When buying or purchasing shares, one is acquiring the majority of company shares in order to acquire the assets of that company. If more than one shareholder is at play, transferability of relevant shares must be explored. This is because additional shareholders could potentially have right of first refusal or be required by the company’s articles of incorporation to consent to the sale.
It is costly and disappointing to move toward the conclusion of an acquisition only to find out about a shareholder with cold feet and some level of control over the process.

Additional Points To Consider With Share Purchases

To help protect yourself and be an informed and empowered buyer, be sure you know the following:
Is the vendor the registered, beneficial shareholder with complete ownership thereof?
Are the shares you are purchasing completely free and clear of any and all liens or encumbrances?
Is the company you are purchasing under any existing contracts that will continue after you complete the acquisition?
Does the business you are buying have any ongoing or outstanding liabilities for which you may be libel?

Asset Purchases Explained

With an asset structured purchase, you have some flexibility as to which parts of a business you are actually acquiring. In this way, you can protect yourself by purchasing, for instance, assets but not liabilities.
Generally, the vendor is not part of the transaction.
Additional Points To Consider With Asset Purchases
As a part of your informed due diligence that you undertake before completing a business acquisition, consider the following regarding asset purchase situations.
● Do any other parties have any legal interest in the business assets? This may or may not include creditors.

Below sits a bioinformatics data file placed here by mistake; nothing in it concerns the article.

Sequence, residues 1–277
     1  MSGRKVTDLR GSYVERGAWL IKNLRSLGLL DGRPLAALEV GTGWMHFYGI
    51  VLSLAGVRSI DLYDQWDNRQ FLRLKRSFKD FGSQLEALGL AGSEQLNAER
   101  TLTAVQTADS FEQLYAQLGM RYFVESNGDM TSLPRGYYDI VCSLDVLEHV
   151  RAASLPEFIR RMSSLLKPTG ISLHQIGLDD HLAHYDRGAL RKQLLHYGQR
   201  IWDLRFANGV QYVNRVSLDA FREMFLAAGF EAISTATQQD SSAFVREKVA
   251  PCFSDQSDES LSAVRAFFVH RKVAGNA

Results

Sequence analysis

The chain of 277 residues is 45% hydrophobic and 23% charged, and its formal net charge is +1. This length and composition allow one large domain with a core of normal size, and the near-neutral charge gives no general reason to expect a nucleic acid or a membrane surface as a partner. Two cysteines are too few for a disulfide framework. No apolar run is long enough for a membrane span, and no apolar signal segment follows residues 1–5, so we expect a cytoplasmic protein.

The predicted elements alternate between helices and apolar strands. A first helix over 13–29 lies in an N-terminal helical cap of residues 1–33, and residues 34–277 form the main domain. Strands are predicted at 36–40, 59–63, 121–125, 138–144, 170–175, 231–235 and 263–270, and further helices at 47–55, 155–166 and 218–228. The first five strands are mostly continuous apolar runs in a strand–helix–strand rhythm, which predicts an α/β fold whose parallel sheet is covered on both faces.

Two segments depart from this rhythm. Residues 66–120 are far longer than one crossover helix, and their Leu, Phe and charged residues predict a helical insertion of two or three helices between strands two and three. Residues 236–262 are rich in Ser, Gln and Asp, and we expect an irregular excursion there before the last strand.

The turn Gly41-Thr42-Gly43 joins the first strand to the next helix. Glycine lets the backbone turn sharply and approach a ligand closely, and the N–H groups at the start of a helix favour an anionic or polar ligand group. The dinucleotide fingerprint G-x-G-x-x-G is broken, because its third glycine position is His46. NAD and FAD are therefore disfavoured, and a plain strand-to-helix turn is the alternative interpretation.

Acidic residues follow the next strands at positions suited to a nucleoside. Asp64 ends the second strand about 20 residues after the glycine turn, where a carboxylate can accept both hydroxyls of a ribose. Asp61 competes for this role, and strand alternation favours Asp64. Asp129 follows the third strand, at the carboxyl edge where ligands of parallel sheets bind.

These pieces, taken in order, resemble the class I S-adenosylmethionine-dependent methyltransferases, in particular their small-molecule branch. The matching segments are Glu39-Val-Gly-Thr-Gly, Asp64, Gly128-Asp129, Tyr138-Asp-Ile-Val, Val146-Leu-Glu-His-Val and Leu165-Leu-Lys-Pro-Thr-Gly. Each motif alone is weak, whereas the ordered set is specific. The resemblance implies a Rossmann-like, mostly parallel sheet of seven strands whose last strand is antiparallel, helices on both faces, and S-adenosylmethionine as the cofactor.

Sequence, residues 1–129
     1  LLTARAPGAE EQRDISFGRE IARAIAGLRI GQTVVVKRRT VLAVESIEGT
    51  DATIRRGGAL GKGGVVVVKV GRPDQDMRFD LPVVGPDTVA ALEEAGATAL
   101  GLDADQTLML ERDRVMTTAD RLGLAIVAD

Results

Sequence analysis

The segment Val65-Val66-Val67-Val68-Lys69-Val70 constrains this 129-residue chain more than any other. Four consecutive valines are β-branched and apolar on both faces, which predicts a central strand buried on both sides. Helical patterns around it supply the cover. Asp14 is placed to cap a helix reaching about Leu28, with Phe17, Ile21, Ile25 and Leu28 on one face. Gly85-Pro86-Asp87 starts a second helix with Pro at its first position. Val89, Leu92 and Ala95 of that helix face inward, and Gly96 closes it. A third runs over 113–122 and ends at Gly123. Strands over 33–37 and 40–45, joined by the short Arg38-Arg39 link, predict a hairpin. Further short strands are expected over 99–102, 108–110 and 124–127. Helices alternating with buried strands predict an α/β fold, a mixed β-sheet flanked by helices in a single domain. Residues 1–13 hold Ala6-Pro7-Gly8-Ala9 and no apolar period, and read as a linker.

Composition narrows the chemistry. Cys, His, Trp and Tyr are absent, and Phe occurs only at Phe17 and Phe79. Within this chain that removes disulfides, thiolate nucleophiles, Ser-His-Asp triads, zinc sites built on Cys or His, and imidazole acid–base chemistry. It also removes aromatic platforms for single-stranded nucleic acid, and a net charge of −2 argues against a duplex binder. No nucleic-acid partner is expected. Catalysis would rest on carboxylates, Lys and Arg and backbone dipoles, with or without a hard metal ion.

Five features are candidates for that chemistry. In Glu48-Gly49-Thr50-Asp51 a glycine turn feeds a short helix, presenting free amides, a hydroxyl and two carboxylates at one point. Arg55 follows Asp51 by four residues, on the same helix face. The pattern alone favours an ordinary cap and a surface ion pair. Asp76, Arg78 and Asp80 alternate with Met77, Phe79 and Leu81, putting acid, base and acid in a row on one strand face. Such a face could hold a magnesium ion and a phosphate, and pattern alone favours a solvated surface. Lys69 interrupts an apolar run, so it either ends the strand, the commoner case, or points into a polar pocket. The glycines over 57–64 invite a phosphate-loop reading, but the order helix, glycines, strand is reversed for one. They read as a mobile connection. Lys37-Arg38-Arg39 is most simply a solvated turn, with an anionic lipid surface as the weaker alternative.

● Are the assets you are acquiring in good condition?
● Do any contractual obligations exist that relate to your purchase of the business?
● Does the vendor have legal authority to sell the assets to you?
When purchasing the assets, pay special note to terms of employment and any outstanding issues. For instance, in some litigation circumstances, you could be viewed as a successor employer. This could land you in a situation where, for example, you are now bound by agreements entered into with union employees by your predecessor.
Additionally, employment is considered continuous and uninterrupted by business acquisition or sales by the governing Employment Standards Act (British Columbia). In this way, you the purchaser could unwittingly inherit obligations your predecessor entered into or was liable for during the course of an employee’s work history with the company.
This can be circumvented by terminating employees prior to the acquisition deal and immediately allowing the new owner to offer them employment.

Be Empowered And Informed

The choice you make will depend upon the individual legal advice you have received regarding your specific situation. That being said, the information in this article serves as a sort of cheat sheet help you navigate the exciting but in-depth arena of business acquisitions. Expanding your own personal knowledge in this area will help you have more empowered and informed discussions with your counsel and perhaps even result in a successful business transaction.